The pear may be readily raised by sowing the pips of ordinary cultivated or of wilding kinds, these forming what are known as free or pear stocks, on which the choicer varieties are grafted for increase.
Some of the finer pears do not unite readily with the quince, and in this case double working is resorted to; that is to say, a vigorous-growing pear is first grafted on the quince, and then the choicer pear is grafted on the pear introduced as its foster parent.
Of the vertical stem and branch, and trained in afresh, or they may be grafted with other sorts, if a variety of kinds is wanted.
This vicious system, grafted as it was upon an inefficient administration, and added to the weight of a continually depreciated currenc y, debased both by ill-advised fiscal measures and by public cupidity, formed one of the principal causes of the financial embarrassments which assailed the treasury with ever increasing force in the latter part of the 16th and during the 17th and 18th centuries.
Evidently this triplication of sounds had many disadvantages, but, on the other hand, the whole Chinese language may be said to have been grafted on the Japanese.
The influence that Rosicrucianism had in the modernizing of ancient Freemasonry early in the 18th century must have been slight, if any, though it is likely that as the century advanced, and additional ceremonies were grafted on to the first three degrees, Rosicrucian tenets were occasionally introduced into the later rituals.
The work was characterized by the great pains taken to ascertain the true authorship of hymns which were either anonymous or attributed to those who had not composed them, and by a like effort to exclude all variations grafted on the ' In 1867 he founded an association for the improvement of legal education, in the hope of bringing about the establishment or the restoration of "a general school of law in London on a scale worthy of the importance of the law and of the resources of the Inns of Court."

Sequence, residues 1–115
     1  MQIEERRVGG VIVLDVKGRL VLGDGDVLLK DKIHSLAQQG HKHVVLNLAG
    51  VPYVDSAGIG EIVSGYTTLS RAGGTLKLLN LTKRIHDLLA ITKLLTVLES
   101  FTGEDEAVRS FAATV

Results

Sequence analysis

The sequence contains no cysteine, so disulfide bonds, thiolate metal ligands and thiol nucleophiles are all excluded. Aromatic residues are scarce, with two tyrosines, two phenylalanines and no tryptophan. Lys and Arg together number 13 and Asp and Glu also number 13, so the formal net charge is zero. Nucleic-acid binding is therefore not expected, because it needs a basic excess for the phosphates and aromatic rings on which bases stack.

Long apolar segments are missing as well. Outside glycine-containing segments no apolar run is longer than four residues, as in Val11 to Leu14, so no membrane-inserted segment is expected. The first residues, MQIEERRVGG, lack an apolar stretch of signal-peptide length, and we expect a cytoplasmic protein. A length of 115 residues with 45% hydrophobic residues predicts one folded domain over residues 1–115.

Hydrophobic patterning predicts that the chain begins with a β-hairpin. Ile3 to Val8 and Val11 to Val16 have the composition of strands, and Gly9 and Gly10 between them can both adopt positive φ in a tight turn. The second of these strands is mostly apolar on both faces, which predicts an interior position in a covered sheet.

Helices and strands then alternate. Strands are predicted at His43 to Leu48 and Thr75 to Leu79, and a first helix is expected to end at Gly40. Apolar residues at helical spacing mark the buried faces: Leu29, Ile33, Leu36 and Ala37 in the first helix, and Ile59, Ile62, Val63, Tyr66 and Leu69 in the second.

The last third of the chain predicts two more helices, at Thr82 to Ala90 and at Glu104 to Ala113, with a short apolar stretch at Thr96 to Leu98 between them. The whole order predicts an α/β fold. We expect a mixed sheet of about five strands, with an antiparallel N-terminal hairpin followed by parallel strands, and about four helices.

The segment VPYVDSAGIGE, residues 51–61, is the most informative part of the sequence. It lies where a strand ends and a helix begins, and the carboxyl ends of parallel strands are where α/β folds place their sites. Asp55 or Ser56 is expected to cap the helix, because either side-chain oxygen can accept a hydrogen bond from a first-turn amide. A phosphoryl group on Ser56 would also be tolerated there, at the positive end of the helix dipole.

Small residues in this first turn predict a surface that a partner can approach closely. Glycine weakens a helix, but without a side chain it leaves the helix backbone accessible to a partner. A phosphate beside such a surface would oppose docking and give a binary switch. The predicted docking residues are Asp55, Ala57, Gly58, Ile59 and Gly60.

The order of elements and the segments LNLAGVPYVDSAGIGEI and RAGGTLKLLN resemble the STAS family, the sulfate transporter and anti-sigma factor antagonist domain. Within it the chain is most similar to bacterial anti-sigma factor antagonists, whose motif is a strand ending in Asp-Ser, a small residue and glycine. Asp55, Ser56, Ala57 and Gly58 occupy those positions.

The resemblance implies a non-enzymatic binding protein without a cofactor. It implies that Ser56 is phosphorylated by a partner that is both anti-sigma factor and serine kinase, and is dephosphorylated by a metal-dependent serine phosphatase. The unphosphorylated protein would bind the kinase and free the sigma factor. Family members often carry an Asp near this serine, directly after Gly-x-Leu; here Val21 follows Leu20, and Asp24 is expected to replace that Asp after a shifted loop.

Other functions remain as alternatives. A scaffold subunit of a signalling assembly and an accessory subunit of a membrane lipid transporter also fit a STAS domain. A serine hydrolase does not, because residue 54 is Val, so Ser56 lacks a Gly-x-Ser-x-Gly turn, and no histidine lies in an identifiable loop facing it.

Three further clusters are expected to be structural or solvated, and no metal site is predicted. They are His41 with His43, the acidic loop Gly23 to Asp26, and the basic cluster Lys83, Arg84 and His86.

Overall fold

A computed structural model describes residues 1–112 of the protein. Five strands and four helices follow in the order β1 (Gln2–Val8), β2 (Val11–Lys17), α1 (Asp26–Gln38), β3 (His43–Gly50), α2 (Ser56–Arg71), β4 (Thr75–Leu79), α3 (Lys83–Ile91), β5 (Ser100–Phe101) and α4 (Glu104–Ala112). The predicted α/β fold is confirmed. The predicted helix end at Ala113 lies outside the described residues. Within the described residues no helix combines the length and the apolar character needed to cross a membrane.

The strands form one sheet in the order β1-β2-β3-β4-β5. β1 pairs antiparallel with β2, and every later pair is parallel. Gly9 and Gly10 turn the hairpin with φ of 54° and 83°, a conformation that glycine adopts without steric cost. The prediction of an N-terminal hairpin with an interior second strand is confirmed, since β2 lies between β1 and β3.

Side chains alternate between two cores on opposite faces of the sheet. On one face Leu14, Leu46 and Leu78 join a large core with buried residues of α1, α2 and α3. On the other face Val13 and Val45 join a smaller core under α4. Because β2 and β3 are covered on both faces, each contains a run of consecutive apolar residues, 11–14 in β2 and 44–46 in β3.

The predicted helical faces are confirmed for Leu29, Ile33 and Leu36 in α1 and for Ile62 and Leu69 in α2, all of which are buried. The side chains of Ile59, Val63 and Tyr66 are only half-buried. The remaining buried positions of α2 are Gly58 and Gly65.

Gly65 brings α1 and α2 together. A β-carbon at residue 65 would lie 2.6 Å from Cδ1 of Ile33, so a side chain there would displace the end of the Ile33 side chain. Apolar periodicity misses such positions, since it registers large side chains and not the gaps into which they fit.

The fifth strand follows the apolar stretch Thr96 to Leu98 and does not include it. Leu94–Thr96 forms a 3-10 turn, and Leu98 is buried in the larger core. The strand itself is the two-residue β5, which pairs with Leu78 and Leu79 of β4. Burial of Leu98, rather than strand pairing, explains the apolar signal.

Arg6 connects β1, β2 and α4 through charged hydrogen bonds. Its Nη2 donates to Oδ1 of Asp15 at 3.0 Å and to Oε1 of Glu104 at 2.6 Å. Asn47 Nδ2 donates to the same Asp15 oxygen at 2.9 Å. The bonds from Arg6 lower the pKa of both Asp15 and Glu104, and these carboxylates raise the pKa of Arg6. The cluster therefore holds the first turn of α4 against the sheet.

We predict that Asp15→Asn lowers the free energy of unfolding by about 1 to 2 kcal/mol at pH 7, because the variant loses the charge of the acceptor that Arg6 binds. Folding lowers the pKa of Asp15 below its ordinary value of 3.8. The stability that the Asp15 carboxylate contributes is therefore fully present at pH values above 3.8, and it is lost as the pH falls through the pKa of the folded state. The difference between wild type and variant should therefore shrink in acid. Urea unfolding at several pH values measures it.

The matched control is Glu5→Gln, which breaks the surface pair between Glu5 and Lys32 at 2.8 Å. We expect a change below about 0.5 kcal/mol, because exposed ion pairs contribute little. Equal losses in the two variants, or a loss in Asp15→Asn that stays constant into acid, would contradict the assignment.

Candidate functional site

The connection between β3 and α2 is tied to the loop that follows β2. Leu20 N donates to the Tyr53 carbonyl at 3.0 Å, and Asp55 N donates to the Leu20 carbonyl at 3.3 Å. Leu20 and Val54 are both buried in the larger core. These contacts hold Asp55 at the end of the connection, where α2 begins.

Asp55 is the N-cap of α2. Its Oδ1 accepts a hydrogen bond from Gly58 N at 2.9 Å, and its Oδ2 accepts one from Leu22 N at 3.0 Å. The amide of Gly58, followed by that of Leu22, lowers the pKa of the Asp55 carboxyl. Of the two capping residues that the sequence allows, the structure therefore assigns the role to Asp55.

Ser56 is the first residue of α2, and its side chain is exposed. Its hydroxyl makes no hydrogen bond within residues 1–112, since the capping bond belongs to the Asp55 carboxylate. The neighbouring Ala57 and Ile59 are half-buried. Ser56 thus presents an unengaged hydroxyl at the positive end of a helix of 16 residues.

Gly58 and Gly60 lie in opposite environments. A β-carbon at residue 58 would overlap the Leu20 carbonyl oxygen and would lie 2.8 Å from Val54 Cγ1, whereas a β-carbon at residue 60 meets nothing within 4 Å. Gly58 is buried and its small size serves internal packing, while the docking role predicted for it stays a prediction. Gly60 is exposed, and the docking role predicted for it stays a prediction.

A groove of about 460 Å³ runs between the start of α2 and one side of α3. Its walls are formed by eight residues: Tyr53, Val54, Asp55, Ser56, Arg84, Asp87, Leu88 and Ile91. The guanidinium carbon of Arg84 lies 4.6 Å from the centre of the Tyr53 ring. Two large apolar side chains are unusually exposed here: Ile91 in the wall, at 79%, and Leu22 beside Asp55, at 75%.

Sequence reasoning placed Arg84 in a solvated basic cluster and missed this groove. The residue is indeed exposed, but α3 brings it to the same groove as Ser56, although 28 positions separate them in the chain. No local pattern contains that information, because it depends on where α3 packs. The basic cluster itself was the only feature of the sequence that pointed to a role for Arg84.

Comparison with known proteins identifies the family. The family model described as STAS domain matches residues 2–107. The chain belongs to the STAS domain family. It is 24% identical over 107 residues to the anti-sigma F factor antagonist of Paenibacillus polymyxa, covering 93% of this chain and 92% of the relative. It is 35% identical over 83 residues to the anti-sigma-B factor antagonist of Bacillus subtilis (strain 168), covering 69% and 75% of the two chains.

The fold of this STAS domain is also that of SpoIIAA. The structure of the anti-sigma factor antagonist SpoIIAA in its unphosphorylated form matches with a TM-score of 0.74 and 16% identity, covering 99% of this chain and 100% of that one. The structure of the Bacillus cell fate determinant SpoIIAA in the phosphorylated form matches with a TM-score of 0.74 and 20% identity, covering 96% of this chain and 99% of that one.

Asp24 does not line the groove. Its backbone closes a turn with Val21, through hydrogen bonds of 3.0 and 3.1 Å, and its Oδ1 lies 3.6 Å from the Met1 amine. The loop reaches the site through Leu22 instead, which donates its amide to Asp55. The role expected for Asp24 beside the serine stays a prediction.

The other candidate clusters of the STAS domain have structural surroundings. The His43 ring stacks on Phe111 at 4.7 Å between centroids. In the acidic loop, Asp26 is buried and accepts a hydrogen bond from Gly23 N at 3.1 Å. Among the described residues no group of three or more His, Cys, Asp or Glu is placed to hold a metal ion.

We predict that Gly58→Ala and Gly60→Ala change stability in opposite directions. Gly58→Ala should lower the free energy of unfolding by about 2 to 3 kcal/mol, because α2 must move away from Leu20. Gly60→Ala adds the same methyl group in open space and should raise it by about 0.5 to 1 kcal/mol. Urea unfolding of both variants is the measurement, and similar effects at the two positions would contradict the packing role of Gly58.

His resemblance to Adonis has led to the theory that the names of the two are identical, and that Attis is only the Semitic companion of Syrian Aphrodite grafted on to the Phrygian Great Mother worship (Haakh, Stuttgarter-Philolog.- Vers., 18J7, 176 ff.).
Strong-growing pears, for instance, are grafted on the quince stock in order to restrict their tendency to form " gross " shoots and a superabundance of wood in place of flowers and fruit.
Lindley has pointed out that, while in Persia, its native country, the peach is probably best grafted on the peach, or on its wild type the almond, in England, where the summer temperature of the soil is much lower than that of Persia, it might be expected, as experience has proved, to be most successful on stocks of the native plum.
We may hence infer that C. purpureus was grafted or budded on the common laburnum, and that the intermediate forms are the result of graft-hybridization.
In determining the choice of stocks, the nature of the soil in which the grafted trees are to grow should have full weight.
If they have been six weeks or two months separated from the parent plant, they should be grafted low on the stock, and the earth should be ridged up round them, leaving only one bud of the scion exposed above ground.
Roses and clematis, however, are generally grafted from January to March and April.